1. Hasselblad module will lure consumers if it delivers a good camera experience. All top five ranked cameras used on Flickr are smartphones, demonstrating how important smartphone cameras are for consumers. IHS believes, if the Hasselblad Moto Mod camera performance can live up to Hasselblad’s high quality standards, Moto Z smarphones will help Lenovo sell to camera enthusiasts prepared to pay approximately $300. Hasselblad makes high-end cameras for professionals and avid amateurs. However, Huawei recently used the premium Leica brand on its P9, so Lenovo is not unique with this camera brand strategy.

2. Lenovo needs to convince consumers the Moto Z smartphones are competitive among smartphones with similar prices. The first three modules released in July are a $299 projector, a $79.99 speaker and a $79 power pack.  Adding on to the Moto Z price makes the package appear expensive. The cheaper Moto Z Play will reduce this problem.

3. Lenovo needs to sustain a continuous development of the modules and its Moto Z family. The current modules are not compatible with any other existing phones, even with Lenovo’s own non-Z series phones. The company’s products have very diverse form factors, which is why Lenovo has stated it intends to maintain the module standard for future smartphone models, at least for a while. This helps convince consumers modules are a worthwhile investment, and persuade third party module developers there will be a significant addressable market of Moto Z smartphone owners. But Motorola and Lenovo’s modest smartphone shipment volumes threatens to undermine this strategy. Lenovo will also need to boost marketing efforts to make the products known to the mass market after lacking of presence for a long time.

Lenovo has created the first elegant modular smartphone

While it’s not the first modular smartphone, Moto Z is the first to have a mass market design. Different from LG G5, Moto Z modules connect to a smartphone through a magnetic attachment. Users can change the modules in a snap without rebooting the device which makes the connections far more fluid and elegant than LG’s G5.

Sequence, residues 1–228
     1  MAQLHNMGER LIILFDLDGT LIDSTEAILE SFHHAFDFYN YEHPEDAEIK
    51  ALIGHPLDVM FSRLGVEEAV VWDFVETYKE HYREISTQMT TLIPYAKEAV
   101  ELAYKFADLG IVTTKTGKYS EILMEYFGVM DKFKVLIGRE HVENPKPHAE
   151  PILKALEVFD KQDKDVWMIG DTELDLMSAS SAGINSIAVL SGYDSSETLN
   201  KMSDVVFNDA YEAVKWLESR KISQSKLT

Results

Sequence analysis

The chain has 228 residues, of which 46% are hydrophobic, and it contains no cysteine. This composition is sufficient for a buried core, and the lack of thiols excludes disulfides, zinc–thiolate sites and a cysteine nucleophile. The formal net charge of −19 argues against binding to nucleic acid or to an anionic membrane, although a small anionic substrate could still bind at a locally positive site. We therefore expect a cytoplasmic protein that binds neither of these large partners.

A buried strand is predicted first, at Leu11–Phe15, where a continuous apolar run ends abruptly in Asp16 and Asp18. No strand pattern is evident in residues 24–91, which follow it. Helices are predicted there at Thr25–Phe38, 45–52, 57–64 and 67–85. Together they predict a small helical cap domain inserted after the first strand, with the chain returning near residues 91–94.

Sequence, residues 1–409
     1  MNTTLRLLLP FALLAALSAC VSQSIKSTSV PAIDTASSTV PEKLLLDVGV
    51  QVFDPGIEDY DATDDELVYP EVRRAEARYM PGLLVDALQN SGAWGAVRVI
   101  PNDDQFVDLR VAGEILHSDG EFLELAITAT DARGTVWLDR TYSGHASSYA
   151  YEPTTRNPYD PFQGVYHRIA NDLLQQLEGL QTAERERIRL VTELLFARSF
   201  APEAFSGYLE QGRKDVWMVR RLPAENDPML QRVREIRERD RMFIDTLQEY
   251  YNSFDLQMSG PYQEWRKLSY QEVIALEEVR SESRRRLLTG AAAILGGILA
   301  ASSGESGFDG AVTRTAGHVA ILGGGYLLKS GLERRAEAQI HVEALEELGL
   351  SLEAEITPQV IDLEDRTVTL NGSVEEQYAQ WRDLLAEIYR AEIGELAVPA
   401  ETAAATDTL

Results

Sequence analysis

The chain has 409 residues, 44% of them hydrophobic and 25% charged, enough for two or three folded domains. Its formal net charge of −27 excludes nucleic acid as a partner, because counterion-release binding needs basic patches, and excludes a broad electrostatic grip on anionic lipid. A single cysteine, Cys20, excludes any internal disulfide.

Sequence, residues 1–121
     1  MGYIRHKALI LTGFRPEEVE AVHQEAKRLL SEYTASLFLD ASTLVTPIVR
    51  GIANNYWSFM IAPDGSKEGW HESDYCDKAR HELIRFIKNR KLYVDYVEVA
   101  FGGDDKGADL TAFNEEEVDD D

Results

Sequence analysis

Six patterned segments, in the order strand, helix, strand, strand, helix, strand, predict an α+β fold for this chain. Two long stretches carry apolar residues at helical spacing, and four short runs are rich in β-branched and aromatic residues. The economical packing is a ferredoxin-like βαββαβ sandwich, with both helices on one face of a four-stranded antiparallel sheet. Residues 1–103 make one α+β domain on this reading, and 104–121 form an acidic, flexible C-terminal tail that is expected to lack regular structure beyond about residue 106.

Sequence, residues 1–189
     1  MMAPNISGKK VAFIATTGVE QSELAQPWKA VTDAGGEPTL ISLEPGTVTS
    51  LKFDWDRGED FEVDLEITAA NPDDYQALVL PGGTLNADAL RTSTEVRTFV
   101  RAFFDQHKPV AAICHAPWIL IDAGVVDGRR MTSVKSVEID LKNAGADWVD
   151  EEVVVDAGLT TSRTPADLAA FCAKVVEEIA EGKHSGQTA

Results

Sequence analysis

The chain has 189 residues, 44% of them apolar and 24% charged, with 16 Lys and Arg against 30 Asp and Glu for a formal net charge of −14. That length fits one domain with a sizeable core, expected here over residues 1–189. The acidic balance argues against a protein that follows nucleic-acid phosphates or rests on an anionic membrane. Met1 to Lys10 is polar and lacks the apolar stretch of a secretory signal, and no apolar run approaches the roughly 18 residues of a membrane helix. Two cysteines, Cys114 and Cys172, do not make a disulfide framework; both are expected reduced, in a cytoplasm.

Moto Z phones also have the thinness and structural integrity which Google’s Project Ara design is lacking. Unlike Google, Moto Z didn’t trade off the space efficiency for modularity. Buyers can have both a very thin smartphone and the flexibility of add-on modules.

While Moto Z phones standalone are not competitive with big-name flagship handsets from Samsung and Apple, with the possibilities the modules offer, they are a considerably more compelling product. They are definitely the best existing modular phones at least for now.

Limited modularity is the future

In theory, a distinctive advantage of modularity is that it enables the consumers to upgrade any component including key parts of a smartphone such as RAM, application processors and screens. This is the approach originally adopted by Google Project Ara. However, Google has shifted away from the full-modularity approach, and the current prototype of Project Ara only allows users to swap the extensions and accessories with the application processor, modem and display fixed. This is much closer to the Moto Z approach, but unlike Moto Z, Ara is not commercially available and is considerably more bulky. The limited-modularity business model of the Moto Z offers significant benefits with few downsides, compared to Ara, and will better appeal to the mass market.